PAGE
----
‘Still Before’, a film by Manuel Liebeskind, draws the most intimate tour portrait of this exceptional band from San Francisco and is perhaps as close as one can come to the exhaustion of everyday tour life. Here at Capsule HQ we’ve only seen the trailer, but, believe us, that was more than enough to whet our appetites. ’Still Before’ is also highly notable for being filmed entirely on an iPhone with a 640×480 pixel resolution, probably the first feature-length to be so.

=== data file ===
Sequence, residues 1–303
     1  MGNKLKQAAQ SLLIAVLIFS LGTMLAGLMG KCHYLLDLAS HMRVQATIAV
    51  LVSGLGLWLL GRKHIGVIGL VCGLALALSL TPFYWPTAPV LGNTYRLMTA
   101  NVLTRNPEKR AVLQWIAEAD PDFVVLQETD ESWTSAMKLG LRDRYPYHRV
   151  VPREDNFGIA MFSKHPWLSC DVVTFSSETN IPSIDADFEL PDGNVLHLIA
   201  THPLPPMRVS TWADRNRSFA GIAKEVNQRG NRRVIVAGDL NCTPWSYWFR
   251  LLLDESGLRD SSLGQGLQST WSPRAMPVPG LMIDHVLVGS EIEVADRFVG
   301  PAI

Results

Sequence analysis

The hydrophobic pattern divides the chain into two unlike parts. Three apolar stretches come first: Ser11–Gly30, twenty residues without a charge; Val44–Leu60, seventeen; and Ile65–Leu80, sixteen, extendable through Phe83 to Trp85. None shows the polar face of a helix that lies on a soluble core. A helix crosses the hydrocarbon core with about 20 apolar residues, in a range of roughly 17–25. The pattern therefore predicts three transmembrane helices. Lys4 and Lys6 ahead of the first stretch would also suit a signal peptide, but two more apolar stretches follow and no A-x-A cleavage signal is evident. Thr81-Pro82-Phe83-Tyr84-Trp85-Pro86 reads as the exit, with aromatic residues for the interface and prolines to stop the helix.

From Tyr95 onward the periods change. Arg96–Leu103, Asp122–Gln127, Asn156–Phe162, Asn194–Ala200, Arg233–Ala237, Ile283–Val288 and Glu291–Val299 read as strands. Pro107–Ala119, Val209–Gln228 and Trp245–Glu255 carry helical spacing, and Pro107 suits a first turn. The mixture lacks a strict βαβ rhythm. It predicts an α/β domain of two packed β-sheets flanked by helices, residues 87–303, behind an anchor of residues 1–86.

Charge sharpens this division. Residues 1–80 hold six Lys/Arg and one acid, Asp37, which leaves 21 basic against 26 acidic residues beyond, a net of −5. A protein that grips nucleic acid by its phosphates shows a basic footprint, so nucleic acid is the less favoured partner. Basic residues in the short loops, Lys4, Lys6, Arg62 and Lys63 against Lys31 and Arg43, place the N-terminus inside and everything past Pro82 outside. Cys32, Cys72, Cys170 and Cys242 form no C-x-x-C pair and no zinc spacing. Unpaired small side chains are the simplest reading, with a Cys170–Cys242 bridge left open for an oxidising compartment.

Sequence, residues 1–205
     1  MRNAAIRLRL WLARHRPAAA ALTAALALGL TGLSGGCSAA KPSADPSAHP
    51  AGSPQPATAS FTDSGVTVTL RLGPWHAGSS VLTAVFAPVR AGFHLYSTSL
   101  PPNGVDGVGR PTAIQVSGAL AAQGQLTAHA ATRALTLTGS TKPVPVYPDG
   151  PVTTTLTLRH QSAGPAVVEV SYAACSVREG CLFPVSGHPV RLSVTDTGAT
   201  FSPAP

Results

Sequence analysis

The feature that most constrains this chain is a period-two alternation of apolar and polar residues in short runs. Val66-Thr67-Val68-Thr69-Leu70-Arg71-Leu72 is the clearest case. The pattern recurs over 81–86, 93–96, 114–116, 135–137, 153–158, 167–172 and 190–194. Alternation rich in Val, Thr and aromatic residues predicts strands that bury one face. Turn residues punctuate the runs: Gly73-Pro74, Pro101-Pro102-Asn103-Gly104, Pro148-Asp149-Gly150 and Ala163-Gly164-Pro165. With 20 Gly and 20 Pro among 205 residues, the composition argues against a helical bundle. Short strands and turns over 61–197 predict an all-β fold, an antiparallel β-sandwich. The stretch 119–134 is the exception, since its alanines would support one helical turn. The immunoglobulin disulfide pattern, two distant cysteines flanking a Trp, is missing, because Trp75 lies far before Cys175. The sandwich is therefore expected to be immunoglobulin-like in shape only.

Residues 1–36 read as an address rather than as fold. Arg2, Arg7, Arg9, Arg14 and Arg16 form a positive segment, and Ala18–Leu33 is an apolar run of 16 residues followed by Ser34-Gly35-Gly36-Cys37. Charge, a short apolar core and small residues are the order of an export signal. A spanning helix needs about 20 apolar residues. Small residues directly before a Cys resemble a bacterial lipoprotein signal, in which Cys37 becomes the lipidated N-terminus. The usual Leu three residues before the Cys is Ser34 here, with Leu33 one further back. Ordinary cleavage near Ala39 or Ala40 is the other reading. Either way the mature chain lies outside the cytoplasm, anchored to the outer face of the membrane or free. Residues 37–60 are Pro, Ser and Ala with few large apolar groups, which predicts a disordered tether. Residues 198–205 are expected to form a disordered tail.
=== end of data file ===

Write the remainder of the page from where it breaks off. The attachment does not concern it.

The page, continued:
We can’t imagine it would be easy to get close to a band like Oxbow, so how did Liebeskind do it? Turns out he’s their former booking agent, soundman and general man-Friday and thus the band gave him unprecedented access. Through his film, Liebeskind attempts to uncover the obsessions, machinations and thought processes behind making, playing and touring music that embraces art as though its life depended on it. Across five countries, over a dozen shows, and in front of rapt audiences, ‘Still Before’ explore the whys of art creation, the touring life and the motivations for continuing the process over two decades.